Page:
The Northfield Depot may have arrived at its new home earlier this year, but the work is far from done.
The Northfield City Council is aware the endeavor is not only going to take time, but will take a significant investment. As such, it stressed its support for the Save the Northfield Depot’s initiative, and plans to approve $150,000 worth of tax increment financing funds to the project.
Though the organization was only requesting $129,000, City Administrator Ben Martig presented the Council with the option of providing the remaining TIF 4 funds, $150,000, that have not yet been designated for other projects.
Martig said in reviewing the history of the project, he found a clear desire from the Council to assist the project financially.
Those funds, he said, will be used for the estimated cost of site improvements like a driveway, parking, curb and gutter, sidewalk and lighting, plus extra dollars for unforeseen issues/changes.
STND’s Alice Thomas said it’s time to move onto additional development, and the Depot is ready for it to take place potentially as early as this fall.
“STND has made significant progress,” she said. “We’re determined to assure continued assessment of the progress and the planning takes place.”
Though Martig proposed approving the funds, he also had a bigger idea for the future of the site.
According to his memo, staff is reviewing options to re-plat the site in conjunction with creating a separate parcel for a potential future transit hub. This final plan may clarify whether it is appropriate for the city to construct the improvements through a public bid or allow STND do the work through a contractor.
He elaborated during the meeting and said if the transit hub is something the Council is in support of, it’s important to design it in a way that will accommodate the bus and truck traffic that it would attract.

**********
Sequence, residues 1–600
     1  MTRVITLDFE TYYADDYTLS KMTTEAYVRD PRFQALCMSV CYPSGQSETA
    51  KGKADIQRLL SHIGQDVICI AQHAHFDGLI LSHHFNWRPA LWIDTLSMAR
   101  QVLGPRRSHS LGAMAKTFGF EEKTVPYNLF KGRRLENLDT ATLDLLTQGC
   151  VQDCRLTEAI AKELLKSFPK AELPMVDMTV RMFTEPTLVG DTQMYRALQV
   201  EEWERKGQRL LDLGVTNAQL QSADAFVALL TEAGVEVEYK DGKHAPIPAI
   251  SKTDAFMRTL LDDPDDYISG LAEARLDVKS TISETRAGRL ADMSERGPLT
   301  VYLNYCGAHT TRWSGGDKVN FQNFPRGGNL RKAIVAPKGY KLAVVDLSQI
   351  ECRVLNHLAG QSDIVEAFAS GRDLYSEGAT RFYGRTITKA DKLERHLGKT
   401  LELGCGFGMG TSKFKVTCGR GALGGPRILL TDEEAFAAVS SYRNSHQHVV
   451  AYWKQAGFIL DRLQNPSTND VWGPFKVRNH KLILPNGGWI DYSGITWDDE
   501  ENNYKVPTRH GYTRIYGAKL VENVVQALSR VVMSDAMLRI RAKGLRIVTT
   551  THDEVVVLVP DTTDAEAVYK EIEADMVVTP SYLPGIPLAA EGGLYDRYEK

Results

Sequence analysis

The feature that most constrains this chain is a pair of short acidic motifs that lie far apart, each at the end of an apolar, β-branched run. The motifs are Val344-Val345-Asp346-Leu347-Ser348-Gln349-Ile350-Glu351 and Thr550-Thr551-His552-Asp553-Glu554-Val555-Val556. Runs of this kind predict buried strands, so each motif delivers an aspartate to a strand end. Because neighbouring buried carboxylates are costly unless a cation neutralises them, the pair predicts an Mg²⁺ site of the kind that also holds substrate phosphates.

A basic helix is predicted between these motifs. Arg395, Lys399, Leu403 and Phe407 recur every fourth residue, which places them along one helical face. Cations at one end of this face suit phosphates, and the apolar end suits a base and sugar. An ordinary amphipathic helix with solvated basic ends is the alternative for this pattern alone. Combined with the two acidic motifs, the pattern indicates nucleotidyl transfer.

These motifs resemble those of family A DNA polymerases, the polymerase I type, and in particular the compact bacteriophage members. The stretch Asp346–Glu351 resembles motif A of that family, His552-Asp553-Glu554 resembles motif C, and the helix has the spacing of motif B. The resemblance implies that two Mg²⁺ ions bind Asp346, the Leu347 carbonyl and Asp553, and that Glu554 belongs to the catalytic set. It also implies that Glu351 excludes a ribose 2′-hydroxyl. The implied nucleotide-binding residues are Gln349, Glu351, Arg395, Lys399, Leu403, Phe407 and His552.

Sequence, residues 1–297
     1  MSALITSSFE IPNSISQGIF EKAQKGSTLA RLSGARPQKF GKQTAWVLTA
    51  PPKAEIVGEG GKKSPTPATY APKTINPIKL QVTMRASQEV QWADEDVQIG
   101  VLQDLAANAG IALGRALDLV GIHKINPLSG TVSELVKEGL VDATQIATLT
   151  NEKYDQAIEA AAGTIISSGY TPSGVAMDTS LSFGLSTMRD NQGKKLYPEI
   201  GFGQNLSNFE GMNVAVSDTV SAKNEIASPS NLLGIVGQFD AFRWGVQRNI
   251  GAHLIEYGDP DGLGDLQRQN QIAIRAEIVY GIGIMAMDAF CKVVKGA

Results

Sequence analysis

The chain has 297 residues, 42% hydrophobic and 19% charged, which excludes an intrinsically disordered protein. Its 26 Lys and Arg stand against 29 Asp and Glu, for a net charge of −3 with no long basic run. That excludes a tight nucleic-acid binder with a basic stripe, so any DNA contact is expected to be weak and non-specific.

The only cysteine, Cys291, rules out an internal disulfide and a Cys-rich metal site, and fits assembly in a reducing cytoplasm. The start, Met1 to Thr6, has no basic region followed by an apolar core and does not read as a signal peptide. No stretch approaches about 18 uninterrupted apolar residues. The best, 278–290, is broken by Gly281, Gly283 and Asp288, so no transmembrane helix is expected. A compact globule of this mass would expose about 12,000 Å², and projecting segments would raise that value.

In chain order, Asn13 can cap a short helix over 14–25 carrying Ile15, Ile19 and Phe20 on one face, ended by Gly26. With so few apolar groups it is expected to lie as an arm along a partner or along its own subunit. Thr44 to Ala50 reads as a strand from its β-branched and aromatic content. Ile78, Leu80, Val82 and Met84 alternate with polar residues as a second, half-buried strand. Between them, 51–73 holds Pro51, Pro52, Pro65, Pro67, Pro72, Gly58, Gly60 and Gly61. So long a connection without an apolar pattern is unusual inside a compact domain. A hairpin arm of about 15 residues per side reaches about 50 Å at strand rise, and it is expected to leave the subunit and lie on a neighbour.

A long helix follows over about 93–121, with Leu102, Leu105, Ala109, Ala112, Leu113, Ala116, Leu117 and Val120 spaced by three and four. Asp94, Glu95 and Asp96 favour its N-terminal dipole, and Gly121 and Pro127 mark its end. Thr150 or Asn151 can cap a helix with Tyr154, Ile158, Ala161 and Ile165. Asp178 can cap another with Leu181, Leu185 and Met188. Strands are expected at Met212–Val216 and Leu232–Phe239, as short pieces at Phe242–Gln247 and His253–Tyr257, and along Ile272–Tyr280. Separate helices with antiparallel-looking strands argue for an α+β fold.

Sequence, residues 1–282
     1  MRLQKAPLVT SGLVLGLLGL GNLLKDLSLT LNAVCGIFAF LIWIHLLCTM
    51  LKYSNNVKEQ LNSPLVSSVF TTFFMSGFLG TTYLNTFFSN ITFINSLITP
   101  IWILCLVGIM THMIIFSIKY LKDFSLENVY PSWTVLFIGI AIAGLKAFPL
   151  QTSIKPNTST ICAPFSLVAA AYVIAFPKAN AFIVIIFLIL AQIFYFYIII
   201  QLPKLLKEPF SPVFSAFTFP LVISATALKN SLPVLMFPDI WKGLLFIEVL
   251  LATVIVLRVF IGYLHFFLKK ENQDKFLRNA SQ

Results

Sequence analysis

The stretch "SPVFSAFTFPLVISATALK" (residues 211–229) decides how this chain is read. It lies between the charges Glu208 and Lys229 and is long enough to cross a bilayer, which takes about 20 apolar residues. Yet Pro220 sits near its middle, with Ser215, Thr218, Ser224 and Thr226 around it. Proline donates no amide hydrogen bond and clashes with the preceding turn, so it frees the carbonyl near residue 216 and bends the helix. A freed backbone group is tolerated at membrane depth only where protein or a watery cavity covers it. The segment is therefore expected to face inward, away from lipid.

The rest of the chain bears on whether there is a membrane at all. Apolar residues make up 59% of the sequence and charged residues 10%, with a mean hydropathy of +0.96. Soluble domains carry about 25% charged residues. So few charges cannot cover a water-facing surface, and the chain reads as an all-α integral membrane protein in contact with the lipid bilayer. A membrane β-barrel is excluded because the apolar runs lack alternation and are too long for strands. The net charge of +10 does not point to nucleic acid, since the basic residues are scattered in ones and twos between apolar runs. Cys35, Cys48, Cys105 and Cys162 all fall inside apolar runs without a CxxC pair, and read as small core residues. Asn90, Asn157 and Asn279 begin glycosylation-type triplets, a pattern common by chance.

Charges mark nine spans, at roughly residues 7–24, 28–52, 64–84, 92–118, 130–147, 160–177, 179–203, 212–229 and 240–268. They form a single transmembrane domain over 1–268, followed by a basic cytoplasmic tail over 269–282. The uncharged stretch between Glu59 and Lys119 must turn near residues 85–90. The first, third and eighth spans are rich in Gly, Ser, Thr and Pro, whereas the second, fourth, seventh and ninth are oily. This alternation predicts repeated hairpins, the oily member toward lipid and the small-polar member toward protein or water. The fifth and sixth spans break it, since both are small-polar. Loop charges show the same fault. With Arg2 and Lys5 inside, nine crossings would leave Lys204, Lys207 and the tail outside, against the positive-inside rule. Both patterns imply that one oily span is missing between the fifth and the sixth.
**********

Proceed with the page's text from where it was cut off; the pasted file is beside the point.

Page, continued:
If the city and Council wish to pursue the transit hub, “should we in effect have some direct control and maybe even ownership of that?,” he asked. “What about the adjacent property?”
He noted that in a meeting with Hiawathaland Transit, there are some routes that could be adjusted to swing through the hub.
“It’s definitely something that could be worked on and pursued,” he said.
His proposal was well received by the council, though no action was taken.
“It’s a complex puzzle,” said Councilor Jessica Peterson White. “But I think it’s in good hands with various stakeholders.”
“I’m perfectly fine with how this is moving forward,” added Councilor Rhonda Pownell.
As for the work ahead, Thomas said the group is aiming to finish the exterior repairs this fall, and is hopeful the driveway could be completed as well. As for this winter, the focus will be on the interior. As early as next fall, the group will look to construct the sculpture garden, and at least the floor of the pavilion.
Additional fundraising will also continue in an effort to rehabilitate the Depot and the complex for a public-use occupancy projected to be summer 2017.
Council will vote on the funding at its meeting on Tuesday, and the discussion will continue on the other parts of the project, Martig said.